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|Other Titles:||Spectacle Korea: Transfiguring National Boundaries,Trans-Imaging National Culture in the Case ofThe Good, the Bad, the Weird|
Department of English, NTNU
|Abstract:||In this essay I explore the Korean blockbuster, a film genre that enjoyedpopularity in South Korea as a local translation of the Hollywood blockbuster. Inexamining this hybrid cinematic form, I focus on the cultural dynamics informingthe genre’s ambivalent—at times even contradictory—aspirations toglobalization and localization, with both trends accelerating in Korea. As aparticularly poignant blockbuster film, The Good, the Bad, the Weird (dir. Jeewoon Kim, 2008) may well showcase and expand this complicated equation,particularly through its apparent adoption of several genres, including theManchurian Western. As a Korean sub-genre that was popular in the 1960s,Manchurian Westerns stage Manchuria of the 1930s, in which the Koreanpeople’s fight for the nation’s liberation from the Japanese occupation played outin part, thus inevitably converging on the theme of mimicry and post-colonialismthat has emblematized the Korean blockbuster’s genre-defining desire. In anattempt to understand the intercultural dynamics that inform this hybrid genre, Irely on contemporary post-colonial theory and film genre theories. I illustratehow this film—and the Korean blockbuster more generally—interplays withever-changing notions of Korean national boundaries and Koreanness today|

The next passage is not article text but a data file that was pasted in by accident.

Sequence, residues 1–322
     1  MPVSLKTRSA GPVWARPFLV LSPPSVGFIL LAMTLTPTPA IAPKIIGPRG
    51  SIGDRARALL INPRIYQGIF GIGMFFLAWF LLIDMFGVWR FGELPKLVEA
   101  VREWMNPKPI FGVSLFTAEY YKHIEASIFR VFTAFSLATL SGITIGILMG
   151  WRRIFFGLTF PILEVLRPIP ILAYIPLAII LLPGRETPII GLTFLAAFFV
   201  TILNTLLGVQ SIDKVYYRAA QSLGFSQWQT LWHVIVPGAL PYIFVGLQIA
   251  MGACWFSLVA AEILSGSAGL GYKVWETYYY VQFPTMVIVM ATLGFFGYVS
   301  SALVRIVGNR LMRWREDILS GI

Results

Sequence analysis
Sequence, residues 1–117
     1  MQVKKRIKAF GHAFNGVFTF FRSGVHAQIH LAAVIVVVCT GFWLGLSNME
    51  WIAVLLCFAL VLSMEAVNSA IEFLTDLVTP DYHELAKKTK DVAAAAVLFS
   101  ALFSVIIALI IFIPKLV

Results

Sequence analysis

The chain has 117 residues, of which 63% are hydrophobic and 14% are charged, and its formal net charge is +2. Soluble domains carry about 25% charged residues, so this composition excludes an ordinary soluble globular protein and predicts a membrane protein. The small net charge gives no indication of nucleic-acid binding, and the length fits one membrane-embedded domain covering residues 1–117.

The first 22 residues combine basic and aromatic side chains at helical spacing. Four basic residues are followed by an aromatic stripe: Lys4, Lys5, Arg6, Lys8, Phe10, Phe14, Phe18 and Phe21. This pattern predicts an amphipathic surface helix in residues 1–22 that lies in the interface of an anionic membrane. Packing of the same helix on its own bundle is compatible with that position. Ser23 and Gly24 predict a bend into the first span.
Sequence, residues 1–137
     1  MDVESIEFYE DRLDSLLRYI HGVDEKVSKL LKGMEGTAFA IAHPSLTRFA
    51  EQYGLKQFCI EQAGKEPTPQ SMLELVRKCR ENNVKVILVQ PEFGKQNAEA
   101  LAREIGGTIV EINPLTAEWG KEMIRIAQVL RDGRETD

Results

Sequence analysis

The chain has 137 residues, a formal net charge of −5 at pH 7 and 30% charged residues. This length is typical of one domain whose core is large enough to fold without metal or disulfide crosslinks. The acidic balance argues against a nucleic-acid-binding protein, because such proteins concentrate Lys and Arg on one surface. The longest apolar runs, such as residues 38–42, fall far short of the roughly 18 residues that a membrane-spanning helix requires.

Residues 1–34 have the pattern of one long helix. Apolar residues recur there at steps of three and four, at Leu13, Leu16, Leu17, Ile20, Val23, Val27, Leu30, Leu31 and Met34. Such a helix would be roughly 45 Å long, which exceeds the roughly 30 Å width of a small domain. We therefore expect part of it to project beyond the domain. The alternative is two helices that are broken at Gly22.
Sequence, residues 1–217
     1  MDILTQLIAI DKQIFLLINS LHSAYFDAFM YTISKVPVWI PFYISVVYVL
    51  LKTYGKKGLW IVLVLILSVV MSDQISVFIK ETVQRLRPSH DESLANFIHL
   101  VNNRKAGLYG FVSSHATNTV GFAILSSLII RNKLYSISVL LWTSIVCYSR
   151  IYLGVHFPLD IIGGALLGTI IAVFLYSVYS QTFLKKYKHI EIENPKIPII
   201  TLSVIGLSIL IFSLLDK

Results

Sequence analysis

|Appears in Collections:||Concentric: Studies in English Literature and Linguistics|
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